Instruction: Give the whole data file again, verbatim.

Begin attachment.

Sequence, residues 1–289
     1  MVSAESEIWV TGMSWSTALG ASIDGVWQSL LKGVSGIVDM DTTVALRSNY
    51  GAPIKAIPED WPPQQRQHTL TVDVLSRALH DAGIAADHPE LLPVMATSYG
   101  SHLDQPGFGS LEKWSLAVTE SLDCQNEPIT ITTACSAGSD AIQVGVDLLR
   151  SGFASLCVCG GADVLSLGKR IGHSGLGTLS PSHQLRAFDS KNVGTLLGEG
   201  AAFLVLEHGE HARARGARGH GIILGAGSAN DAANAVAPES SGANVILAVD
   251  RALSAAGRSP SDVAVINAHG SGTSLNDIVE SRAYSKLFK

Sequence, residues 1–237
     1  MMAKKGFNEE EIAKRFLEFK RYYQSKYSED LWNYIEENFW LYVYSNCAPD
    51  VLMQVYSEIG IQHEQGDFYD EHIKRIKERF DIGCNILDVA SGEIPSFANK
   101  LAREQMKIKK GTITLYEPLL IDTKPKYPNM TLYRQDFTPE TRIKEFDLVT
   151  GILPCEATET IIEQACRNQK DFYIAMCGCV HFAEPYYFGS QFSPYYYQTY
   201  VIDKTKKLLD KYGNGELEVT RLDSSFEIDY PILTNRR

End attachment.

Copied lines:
Sequence, residues 1–289
     1  MVSAESEIWV TGMSWSTALG ASIDGVWQSL LKGVSGIVDM DTTVALRSNY
    51  GAPIKAIPED WPPQQRQHTL TVDVLSRALH DAGIAADHPE LLPVMATSYG
   101  SHLDQPGFGS LEKWSLAVTE SLDCQNEPIT ITTACSAGSD AIQVGVDLLR
   151  SGFASLCVCG GADVLSLGKR IGHSGLGTLS PSHQLRAFDS KNVGTLLGEG
   201  AAFLVLEHGE HARARGARGH GIILGAGSAN DAANAVAPES SGANVILAVD
   251  RALSAAGRSP SDVAVINAHG SGTSLNDIVE SRAYSKLFK

Sequence, residues 1–237
     1  MMAKKGFNEE EIAKRFLEFK RYYQSKYSED LWNYIEENFW LYVYSNCAPD
    51  VLMQVYSEIG IQHEQGDFYD EHIKRIKERF DIGCNILDVA SGEIPSFANK
   101  LAREQMKIKK GTITLYEPLL IDTKPKYPNM TLYRQDFTPE TRIKEFDLVT
   151  GILPCEATET IIEQACRNQK DFYIAMCGCV HFAEPYYFGS QFSPYYYQTY
   201  VIDKTKKLLD KYGNGELEVT RLDSSFEIDY PILTNRR